Why male 'gophers' start to hibernate mid-summer, a litter may have several dads and other nature facts
Naturalist Brian Keating snapped some pictures of the critters in action on Saturday
Did you know that Alberta's so-called "gophers" aren't actually gophers at all? Or that the males start "hibernating" mid-summer and wake up before the snow melts? Or that the females might give birth to a litter of pups that have multiple dads?
Calgary-based naturalist Brian Keating shared these and other fascinating facts about the Richardson's ground squirrels — popularly referred to as "gophers" in Alberta — when he spoke with CBC Calgary's The Homestretch on Monday.
Keating, who has a new Going Wild website, said the appearance of the gophers is a sure sign of spring and urged Albertans to head to the park to watch these little critters look for a mate — sharing some tips so people know what they're watching.
(This interview has been edited for clarity and length.)
Q: Why do you think gopher watching is such a great COVID hobby?
A: You can get out of your own COVID-thinking head, and get into the minds and views of gophers running around. It's a fantastic way to to just absorb, I think, one of the iconic prairie species that is common in the city.
I bet you on every quadrant in Calgary, there's a good gopher watching location.
Q: Where have you gone to watch gophers?
A: I took my wife out for a gopher-watching date and it was it was a big hit.
We biked up to the Max Bell Centre, and that's the chunk of land that's sandwiched between the Deerfoot Trail and Barlow Trail.
They've just recently come out of hibernation. Basically, they tell you that spring is really here despite what's going on outside right now.
Q: Can you tell us more about the southern Alberta gopher?
A: Our prairie gopher, [whose] official name is the Richardson's ground squirrel, belong to the squirrel family. Actually, all of them belong to the squirrel family. And that includes tree squirrels, ground squirrels, chipmunks, marmots, flying squirrels, prairie dogs and a bunch of others. There's some 300 species of squirrels worldwide.
Q: So the way I understand the role they play is the gophers eat the grass and then everything out there in the prairies that eats meat, eats the gopher. Is that basically the way it works?
A: All of these creatures are ecosystem managers and our Richardson's ground squirrel is incredibly successful, with numbers that are high enough to turn the soil over, to keep the nutrients moving. As well, their holes and burrows provide incredible drainage opportunities for rain and floodwaters.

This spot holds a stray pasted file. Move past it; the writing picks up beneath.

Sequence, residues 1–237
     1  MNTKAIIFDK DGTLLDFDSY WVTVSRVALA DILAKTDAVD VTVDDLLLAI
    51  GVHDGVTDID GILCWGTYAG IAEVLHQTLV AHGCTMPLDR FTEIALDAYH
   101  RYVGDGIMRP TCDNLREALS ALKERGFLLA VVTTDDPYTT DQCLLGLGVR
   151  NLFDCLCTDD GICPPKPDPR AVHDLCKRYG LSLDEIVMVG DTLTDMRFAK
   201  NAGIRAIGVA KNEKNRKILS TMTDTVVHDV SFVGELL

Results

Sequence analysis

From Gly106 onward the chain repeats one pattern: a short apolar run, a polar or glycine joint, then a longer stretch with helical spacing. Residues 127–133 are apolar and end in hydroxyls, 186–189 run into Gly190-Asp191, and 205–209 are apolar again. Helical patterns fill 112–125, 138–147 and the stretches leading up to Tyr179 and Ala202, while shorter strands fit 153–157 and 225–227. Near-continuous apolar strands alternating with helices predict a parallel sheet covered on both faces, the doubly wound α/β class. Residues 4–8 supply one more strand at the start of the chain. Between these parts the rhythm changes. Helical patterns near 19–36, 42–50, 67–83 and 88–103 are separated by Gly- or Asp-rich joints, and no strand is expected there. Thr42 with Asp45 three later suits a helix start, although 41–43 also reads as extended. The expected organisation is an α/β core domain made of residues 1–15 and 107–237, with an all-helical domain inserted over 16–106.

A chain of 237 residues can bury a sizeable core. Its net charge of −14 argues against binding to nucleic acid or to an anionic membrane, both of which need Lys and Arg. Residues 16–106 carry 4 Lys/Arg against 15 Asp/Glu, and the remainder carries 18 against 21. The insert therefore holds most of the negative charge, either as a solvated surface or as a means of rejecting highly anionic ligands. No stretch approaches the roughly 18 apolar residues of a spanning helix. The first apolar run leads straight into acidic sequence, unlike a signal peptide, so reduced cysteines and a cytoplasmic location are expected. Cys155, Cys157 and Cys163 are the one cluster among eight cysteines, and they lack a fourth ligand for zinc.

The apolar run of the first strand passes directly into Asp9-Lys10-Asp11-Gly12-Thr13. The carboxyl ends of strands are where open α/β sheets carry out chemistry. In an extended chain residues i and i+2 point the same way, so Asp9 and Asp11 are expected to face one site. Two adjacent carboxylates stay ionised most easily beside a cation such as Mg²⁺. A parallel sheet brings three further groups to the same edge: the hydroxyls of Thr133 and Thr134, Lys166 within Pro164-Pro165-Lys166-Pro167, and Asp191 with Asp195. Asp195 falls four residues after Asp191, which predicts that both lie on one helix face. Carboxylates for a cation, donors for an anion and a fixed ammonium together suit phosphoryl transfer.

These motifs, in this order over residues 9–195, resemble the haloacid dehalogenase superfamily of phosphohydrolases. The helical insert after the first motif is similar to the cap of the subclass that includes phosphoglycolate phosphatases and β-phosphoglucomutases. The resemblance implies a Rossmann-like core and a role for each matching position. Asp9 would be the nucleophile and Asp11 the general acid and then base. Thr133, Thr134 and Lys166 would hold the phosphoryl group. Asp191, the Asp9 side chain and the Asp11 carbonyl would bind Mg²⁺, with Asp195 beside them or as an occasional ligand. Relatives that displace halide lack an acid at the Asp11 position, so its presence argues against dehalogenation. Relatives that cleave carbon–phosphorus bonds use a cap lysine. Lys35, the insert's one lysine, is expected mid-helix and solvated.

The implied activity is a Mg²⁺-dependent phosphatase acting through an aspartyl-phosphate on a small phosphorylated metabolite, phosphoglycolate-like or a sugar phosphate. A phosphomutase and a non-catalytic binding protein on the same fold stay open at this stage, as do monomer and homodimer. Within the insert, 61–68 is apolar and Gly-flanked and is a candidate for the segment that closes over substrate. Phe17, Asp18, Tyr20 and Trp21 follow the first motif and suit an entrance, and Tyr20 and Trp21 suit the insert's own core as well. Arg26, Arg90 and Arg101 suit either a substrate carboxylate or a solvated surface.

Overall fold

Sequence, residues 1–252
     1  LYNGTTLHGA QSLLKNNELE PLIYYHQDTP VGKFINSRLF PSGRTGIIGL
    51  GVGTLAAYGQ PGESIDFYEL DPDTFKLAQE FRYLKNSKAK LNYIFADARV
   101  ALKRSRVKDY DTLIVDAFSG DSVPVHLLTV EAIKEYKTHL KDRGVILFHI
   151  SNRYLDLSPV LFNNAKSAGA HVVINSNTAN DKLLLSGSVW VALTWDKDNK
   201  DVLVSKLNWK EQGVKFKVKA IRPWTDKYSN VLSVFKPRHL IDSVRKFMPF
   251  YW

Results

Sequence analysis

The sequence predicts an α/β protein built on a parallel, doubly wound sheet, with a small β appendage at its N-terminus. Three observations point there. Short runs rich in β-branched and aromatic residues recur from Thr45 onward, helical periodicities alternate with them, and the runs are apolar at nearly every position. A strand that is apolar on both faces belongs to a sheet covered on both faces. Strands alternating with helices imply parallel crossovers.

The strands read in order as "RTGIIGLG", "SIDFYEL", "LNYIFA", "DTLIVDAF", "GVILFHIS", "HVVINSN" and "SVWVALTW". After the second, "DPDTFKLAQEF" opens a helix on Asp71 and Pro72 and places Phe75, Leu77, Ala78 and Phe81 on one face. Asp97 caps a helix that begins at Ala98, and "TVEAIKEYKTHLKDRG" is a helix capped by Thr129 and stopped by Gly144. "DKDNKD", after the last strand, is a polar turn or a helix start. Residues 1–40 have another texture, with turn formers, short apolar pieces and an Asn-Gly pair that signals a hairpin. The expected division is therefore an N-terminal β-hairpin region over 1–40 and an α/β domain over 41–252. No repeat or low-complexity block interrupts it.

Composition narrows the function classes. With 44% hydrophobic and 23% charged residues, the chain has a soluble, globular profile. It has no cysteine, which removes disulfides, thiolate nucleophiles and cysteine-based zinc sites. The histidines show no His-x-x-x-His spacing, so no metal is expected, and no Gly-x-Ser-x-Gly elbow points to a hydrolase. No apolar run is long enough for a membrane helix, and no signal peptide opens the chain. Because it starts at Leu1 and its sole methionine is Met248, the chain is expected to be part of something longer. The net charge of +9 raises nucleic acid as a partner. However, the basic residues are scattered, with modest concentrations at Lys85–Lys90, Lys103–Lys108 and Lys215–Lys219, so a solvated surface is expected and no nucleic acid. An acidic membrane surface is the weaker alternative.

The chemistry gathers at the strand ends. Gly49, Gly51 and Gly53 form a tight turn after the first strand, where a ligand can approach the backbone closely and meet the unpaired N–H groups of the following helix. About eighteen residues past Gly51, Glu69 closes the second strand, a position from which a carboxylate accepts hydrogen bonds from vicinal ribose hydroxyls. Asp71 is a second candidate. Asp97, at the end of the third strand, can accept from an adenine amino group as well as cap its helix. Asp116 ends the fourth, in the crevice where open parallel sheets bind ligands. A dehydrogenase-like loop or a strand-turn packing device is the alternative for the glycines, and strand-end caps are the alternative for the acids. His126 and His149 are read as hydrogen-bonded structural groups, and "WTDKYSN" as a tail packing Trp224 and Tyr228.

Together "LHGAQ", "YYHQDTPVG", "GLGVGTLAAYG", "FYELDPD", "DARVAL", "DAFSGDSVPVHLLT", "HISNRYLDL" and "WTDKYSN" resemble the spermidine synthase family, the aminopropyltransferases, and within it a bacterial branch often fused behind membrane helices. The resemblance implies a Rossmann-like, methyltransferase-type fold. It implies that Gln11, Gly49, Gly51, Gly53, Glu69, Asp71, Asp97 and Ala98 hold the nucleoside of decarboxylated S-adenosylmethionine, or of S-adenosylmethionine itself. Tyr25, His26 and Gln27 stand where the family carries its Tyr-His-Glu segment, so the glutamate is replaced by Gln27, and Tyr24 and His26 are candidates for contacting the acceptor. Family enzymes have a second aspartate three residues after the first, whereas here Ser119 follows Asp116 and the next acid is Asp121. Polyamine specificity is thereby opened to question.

They're primary consumers with the result that they're food for many, including badgers, weasels, hawks and snakes.
Q: Tell us about the life and times of the Richardson's ground squirrel?
A: The majority of their lives, they're out of sight from us down in those chambers and tunnels.
And when they do come above the ground, it's usually just to eat and to meet. Of course, the problem is they get into trouble when they're above ground, especially if they're near farms.
Q: Can you tell me more about how they hibernate?
A: Males will hibernate early. It's called estivation. They actually go to sleep in midsummer and they store a bunch of grain and seeds underground.
The females don't go into hibernation until later on in the summer, after she's weaned her offspring. And then the youngsters are the last ones to go underground.
Q: What about their breeding cycle?
A: When males come out of their hibernation for the final time, they actually come out when it still can be quite cold above ground.
Research indicated that they actually wake up quite a long time before the snow disappears. And down there, they eat the seeds from the year before.
The males emerge from hibernation, which they're doing right now, and they're gaining weight. They're going to wait for females to start emerging, which should happen within the next couple of weeks.
And of course, at this time of the year, when the males come out, they start to battle other males to acquire as much terrestrial landscape as possible, waiting for those females to come up.
Q: And what about the females?
A: When the females come out, the first thing the males do is try to breed those females. And as the breeding goes on, that's when the aggressive behaviour becomes really significant. And the males will actually bite each other significantly.
It actually seems that the female stimulates fighting between males, which may be part of her angle.
She may want to see those males fight so the males prove which ones are eventually going to impregnate her.
At the end of the day, though, she may mate up with up to four males. And that means that several of the five to eight youngsters that are born in about three weeks after they mate will have several dads.
So I guess that just makes sure that a good genetic mix is secured by her.
For more fascinating stories about Alberta's wildlife from naturalist Brian Keating, visit his website and check out these stories:
With files from CBC Calgary's The Homestretch